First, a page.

It was 2003. California Memorial Stadium roared as the Cal versus USC football game went into triple overtime. In the stands, a baby girl celebrated her first birthday. Her parents cradled her with concern — expecting tears — but were surprised to find a gleeful, beaming smile on her face.
Cal won that game 34-31, but did not win another home football game against USC until 2021, when that same smiling girl — Megan Darzynkiewicz, a campus junior majoring in political science and theater performance studies — began her first year as a Cal Spirit “mic man.”
As a sixth-generation UC Berkeley student, Darzynkiewicz grew up watching the mic men lead cheers at Cal football games and recognized how fans’ spirit could turn the tide of the game. She said she has known she wanted to be a mic man since she was nine years old and is now one of the team captains.
“I like being an initiator. I’m a performer at my core; that creates a response,” Darzynkiewicz said. “I’ve seen probably every single home game since I was born. It’s a huge part of my family’s culture and my personality.”
Even before getting into UC Berkeley, Darzynkiewicz brought Cal Spirit to Truckee High School in Truckee, California. She got the students, the band and the cheer team involved and stood at the front of the crowd with a megaphone to lead cheers. Even years later, the high school continues many of the traditions she modeled off of Cal Spirit.
With her favorite colors since childhood being blue and gold and her favorite animal being the bear, it was inevitable that she would join Rally Committee, a Cal Spirit group that keeps UC Berkeley tradition and history alive — even virtually in 2020 at the height of the pandemic. Darzynkiewicz sent emails to the mic men in anticipation of the in-game audition. A year later, she was on the field leading chants.
Darzynkiewicz noted how her experience as a mic man increased her confidence and ability to think on her feet.
Darzynkiewicz said she loves her fellow mic men; they like her brothers and she can turn to them if she needs help. She recounted the 2021 Cal vs. Stanford away game in which the mic men did not have mics on the field, so they supported each other in yelling and communicating as a team.
“Megan is a leader. Megan is never afraid to step up to any task given to her. She is very talented with presentation skills, commanding audiences with or without the mic,” said fellow mic man Zach Schubert in an email. “She knows every spirit song, tradition, and fact from Cal history, and it shows with the energy and creativity she brings to rallies and games.”
Darzynkiewicz said Cal Spirit solidarity is truly unlike anything she’s witnessed before and is a huge fan of all spirit groups on campus, including the band and the dance team.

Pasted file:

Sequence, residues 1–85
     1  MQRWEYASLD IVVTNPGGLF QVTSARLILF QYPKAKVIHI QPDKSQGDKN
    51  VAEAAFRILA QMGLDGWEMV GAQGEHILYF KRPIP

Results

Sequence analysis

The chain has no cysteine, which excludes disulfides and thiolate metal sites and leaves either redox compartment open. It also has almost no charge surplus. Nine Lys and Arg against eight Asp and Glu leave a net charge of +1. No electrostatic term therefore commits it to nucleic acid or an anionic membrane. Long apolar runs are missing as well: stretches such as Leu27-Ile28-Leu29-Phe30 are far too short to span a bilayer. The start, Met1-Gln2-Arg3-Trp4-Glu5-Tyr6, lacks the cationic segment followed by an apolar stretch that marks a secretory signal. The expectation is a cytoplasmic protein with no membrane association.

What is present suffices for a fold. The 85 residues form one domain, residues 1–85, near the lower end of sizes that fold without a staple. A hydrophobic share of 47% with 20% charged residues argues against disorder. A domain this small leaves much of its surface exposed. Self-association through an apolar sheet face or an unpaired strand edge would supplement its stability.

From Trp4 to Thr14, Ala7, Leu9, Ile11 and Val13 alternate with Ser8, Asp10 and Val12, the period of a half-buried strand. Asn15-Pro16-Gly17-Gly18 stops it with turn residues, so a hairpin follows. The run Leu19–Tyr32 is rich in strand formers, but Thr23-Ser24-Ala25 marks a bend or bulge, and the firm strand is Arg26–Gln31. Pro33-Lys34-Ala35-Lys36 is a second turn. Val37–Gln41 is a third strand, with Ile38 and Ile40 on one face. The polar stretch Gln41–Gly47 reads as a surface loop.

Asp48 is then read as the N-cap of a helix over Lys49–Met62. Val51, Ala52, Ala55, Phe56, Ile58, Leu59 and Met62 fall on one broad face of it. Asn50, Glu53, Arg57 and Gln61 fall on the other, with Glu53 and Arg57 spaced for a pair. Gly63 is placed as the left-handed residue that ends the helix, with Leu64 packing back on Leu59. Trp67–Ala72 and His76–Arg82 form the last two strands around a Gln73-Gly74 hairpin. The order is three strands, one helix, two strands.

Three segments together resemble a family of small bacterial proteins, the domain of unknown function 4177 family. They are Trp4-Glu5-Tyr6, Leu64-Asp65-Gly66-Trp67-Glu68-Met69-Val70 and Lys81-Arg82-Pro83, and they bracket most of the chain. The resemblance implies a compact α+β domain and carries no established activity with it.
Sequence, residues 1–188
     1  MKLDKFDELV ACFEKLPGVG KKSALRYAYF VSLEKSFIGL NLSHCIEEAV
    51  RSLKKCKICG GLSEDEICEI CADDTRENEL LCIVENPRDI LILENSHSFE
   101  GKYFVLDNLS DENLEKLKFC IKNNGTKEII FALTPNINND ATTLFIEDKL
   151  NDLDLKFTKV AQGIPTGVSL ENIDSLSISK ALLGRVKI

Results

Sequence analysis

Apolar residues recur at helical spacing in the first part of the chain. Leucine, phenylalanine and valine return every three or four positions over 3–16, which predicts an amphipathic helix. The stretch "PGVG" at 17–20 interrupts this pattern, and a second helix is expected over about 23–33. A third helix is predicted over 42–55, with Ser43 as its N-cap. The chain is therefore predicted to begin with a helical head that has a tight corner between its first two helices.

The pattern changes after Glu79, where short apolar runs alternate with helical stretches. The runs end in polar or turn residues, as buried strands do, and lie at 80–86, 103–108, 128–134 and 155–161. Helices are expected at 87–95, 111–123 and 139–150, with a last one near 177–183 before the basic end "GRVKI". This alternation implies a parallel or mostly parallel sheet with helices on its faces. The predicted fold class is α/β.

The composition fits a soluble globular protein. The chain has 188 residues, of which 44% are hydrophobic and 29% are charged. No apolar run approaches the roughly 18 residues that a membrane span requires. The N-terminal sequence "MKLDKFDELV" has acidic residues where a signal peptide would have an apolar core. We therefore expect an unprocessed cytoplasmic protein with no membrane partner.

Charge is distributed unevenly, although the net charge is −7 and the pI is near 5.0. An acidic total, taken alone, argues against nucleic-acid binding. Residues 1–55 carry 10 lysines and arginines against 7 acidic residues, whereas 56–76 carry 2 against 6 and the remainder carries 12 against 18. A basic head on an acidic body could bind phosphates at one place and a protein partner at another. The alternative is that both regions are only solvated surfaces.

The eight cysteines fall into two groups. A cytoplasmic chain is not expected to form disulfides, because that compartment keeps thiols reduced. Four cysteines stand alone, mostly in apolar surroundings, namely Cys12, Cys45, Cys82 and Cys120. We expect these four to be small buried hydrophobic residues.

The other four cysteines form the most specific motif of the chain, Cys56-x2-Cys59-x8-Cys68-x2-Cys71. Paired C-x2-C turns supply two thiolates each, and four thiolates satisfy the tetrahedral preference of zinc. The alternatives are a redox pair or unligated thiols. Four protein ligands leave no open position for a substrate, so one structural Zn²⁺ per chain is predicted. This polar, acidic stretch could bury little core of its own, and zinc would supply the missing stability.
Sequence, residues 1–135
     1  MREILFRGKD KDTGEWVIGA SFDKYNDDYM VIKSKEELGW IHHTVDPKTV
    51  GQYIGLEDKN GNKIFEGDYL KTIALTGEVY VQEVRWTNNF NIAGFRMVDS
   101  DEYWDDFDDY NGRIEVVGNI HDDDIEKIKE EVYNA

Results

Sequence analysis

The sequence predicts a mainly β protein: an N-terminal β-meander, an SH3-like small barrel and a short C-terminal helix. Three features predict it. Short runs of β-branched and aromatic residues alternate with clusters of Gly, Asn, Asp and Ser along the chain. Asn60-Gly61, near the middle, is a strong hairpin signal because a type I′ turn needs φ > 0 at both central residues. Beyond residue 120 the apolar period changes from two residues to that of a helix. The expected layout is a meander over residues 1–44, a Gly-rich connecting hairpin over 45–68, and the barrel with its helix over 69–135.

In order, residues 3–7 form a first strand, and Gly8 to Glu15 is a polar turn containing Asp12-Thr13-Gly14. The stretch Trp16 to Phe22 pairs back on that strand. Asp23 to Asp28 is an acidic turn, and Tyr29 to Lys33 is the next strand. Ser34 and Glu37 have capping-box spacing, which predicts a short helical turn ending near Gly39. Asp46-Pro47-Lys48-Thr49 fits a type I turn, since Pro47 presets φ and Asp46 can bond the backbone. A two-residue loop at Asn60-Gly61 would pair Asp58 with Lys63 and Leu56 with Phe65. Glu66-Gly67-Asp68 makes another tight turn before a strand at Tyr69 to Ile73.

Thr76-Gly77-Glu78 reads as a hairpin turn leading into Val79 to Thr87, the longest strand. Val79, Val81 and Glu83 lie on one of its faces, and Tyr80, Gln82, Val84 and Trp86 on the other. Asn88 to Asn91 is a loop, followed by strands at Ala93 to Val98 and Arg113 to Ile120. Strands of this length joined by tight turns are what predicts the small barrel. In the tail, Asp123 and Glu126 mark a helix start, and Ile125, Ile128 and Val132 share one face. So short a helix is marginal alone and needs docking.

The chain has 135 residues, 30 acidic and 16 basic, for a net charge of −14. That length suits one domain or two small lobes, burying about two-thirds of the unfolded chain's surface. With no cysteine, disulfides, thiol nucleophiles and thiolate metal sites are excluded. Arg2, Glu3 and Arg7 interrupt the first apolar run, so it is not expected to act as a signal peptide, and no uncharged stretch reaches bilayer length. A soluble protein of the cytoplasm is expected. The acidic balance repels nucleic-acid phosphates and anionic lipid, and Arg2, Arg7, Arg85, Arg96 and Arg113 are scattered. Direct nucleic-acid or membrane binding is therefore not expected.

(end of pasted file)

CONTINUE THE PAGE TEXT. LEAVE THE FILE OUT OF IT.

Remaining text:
As Darzynkiewicz thinks about her future mark on the world, she is thankful for her mic man experience. She recognizes how credible orators know how to ride the crowd’s energy and redirect it toward the causes that they are passionate about.
“Her voice and energy became the oxygen for their cheers and roars. It’s honestly incredible,” said fellow mic man Abram Moudi in an email. “What she brings is a level of compassion and excitement that I only aspire to have. She embodies what each Mic Man strives to be.”
According to Darzynkiewicz, she is one of the few female UC Berkeley mic men in history.
Reflecting on her female predecessors, Darzynkiewicz noted she heard stories of the first female mic man from the 1980s who did not complete her full term. The first full-time mic man was Kate Scott in 2003. Today, Scott is the play-by-play voice of the Philadelphia 76ers for NBC Sports Philadelphia.
“The mic men weren’t and aren’t just leading cheers, they’re playing a very important role in the overall Cal game day experience,” Scott said in an email. “I took that responsibility personally, of bringing joy to people’s lives – even if just for a few hours a few times a week – and still do in the job I hold today.”
Darzynkiewicz said she feels lucky to have Scott’s precedent, but she still faces challenges to go against society’s “underlying biases.”
She noted she prefers the term “mic man” over “mic woman” because man still refers to mankind as a whole. Originally, mic men were called “yell leaders” and Darzynkiewicz appreciates the term’s gender inclusivity. But she doubts the name will change in her time.
“We’re breaking into something that has been male dominated for a long time,” Darzynkiewicz said. “I’m trying to instill the importance and talent that women can have in this position.”
The mic men love to chest bump in celebration, but Darzynkiewicz joked that she is small and unbalanced, so she’d probably get catapulted across the stage.
She also said she takes on a more assertive tone and purposefully lowers her vocal register and projects louder to be heard.
“The world is changing and I think we’re going to start having more female mic men. Last year, our team was the most diverse mic man team that’s ever existed,” Darzynkiewicz said. “What’s awesome is that it’s in our hands because we’re the ones that are choosing the mic men. We get the chance to pick more representative mic men.”